Our warning is that the education costs for law are non-dischargable and near-catostrophic for the majority, let alone the working capital you need to run a law "business," the expenses you need to front, the time horizon on getting paid if you take a case all the way to judgment and collection, etc. If you can swing all this, great, but that pool is by definintion very few people. Not 40k graduates per year or whatever it is now.

    5. I'm with/OG; Mr. Ellipsis ought to be blocked. He's just another shill for the scam, as if owning the ABA isn't enough for the scamsters.
      Everything he writes is, at best, either patent nonsense or an apology for the scam or both.
      It isn't the mission of the scam blogs to provide career counseling; it's up to adults to make that decision for themselves. The mission of the scamblogs is to warn about the scam.
      The Apologist also fails to address the huge cost before you even begin-as in, open your doors. Total cost to attend even state u is going to run over 100K, and that doesn't include year round living expenses and the cost of taking the bar after graduation. And if you attend one of the scam schools-well, get ready for 200+K in debt, with the interest meter running immediately.
      I could go on and on, but it's all a lie. There's no reason to give the scam movement a platform to con the gullible; they've got the ABA, scam deans, scam profs, etc etc to do that.
      The best course is to block it permanently.

    6. Thanks for those comments. I intend to block any more repetitions of the rubbish blithely posted above—and in numerous other locations on this site—by 10:17. We're happy to engage in serious discussion but not to allow this forum to be used for deceptive propaganda in favor of the law-school scam.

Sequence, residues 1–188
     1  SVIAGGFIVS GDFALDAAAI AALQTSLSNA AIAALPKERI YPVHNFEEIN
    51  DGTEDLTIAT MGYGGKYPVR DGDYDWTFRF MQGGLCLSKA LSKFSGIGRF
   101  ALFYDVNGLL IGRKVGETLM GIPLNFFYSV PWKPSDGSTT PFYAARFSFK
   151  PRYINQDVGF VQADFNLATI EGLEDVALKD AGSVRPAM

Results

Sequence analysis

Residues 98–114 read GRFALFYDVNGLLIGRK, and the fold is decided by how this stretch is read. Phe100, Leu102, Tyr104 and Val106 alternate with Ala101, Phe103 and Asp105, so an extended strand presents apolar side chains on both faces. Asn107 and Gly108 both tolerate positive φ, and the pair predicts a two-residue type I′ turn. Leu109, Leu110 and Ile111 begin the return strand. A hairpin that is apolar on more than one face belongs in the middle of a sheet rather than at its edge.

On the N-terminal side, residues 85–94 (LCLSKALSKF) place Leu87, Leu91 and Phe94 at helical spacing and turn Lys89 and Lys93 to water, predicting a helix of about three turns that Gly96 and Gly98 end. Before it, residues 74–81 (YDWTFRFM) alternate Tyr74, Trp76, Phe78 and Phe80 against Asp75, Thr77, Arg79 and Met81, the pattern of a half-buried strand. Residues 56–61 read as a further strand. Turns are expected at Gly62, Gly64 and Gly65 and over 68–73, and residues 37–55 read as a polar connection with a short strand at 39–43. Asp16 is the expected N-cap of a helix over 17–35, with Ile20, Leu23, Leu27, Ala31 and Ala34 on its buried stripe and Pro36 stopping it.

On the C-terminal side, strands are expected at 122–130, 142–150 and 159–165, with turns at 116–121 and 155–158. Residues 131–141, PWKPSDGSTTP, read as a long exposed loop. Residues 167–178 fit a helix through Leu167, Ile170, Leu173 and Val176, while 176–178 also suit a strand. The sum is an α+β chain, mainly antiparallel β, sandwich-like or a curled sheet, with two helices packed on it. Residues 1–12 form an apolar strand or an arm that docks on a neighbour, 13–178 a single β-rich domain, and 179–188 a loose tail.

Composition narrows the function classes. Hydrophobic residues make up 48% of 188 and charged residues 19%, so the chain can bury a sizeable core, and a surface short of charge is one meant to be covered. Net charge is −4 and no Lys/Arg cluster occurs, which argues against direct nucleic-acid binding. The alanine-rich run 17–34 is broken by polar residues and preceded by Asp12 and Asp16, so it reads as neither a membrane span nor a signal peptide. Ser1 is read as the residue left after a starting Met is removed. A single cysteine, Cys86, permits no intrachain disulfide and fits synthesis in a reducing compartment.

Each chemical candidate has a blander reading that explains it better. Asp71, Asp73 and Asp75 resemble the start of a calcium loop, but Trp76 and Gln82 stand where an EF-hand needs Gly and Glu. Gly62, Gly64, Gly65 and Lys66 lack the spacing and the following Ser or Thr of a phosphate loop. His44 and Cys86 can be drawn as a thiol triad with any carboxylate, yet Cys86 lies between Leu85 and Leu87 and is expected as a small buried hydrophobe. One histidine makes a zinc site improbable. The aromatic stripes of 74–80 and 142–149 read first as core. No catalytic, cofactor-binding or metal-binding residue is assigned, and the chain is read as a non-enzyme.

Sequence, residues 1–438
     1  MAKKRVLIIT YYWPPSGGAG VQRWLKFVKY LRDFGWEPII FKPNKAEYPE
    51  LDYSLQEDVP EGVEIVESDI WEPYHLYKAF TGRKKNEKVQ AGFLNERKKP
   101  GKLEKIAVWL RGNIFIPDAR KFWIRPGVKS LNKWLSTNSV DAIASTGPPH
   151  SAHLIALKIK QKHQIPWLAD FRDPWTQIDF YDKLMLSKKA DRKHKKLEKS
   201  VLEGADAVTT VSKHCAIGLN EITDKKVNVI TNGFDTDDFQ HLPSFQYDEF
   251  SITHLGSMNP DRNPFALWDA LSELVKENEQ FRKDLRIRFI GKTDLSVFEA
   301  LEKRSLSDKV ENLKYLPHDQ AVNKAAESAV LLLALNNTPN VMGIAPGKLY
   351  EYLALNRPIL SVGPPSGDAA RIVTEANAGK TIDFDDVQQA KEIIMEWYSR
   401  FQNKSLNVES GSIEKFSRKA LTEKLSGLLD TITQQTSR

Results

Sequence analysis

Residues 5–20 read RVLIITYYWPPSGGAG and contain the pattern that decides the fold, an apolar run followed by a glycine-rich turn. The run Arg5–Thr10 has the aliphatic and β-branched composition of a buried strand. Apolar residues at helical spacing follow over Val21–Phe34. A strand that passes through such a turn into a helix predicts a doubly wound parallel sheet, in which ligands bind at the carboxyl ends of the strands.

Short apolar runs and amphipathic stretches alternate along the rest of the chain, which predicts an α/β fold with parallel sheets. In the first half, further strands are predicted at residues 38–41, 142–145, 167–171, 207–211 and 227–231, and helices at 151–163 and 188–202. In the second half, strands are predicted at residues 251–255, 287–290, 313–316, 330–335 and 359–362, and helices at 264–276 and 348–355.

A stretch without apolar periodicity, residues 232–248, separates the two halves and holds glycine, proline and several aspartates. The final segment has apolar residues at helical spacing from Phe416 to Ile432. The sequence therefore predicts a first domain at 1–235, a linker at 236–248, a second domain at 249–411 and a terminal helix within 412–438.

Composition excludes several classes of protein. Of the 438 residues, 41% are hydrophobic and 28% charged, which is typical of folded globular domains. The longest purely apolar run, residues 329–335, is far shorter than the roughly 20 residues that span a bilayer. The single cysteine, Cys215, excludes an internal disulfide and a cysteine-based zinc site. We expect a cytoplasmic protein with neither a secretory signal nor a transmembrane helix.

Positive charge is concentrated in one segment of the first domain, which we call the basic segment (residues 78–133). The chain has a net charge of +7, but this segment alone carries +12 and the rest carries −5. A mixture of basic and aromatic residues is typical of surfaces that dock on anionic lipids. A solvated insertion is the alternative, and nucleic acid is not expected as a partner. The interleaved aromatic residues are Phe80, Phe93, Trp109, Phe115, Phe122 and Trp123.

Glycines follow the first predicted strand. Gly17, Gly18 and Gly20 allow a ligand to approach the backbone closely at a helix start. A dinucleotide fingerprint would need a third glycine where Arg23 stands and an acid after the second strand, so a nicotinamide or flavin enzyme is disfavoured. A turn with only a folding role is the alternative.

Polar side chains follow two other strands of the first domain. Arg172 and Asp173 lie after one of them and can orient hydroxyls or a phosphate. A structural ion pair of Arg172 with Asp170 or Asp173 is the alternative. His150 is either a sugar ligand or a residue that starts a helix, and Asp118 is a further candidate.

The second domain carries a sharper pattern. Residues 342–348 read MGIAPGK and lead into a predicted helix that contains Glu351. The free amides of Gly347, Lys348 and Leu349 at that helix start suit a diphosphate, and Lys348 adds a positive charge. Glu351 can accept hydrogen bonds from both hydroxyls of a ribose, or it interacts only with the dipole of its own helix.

On top of the above criticisms comes the fact that most people going into law school do not seek to set up a business, at least not right away—and that they should not do so, for they don't know enough to practice law on their own.

      I agree that 2019 is rougher in many respects than, say, 1979, and that there just aren't many good professional options nowadays. That doesn't mean, however, that people should run headlong into law school, heedless of the certain obstacles (some of them discussed above) and of the low probability of even qualifying as a lawyer after attending a toilet or über-toilet law school.

    7. I vote to not block. For one it is Schadenfreude to see how deluded some of these people are. For another if this site can't offer rebuttals against such specious and simpleminded arguments, who can?

  5. Sorry I'm late to the party but do NOT Block comments just because they are scamdean propaganda. If we start blocking, people like Simkovic, Diamond and Letter will jump all over it, claiming that we are being censorious and refuse to air contrary opinions.

    The SJW types are notorious for blocking and deleting. Don't be like them. There are very few reasons to ever block:
    1. Profanity
    2. Publishing Personal details/outing
    3. Shilling commercial products (my aunt made $5000 last week working from home)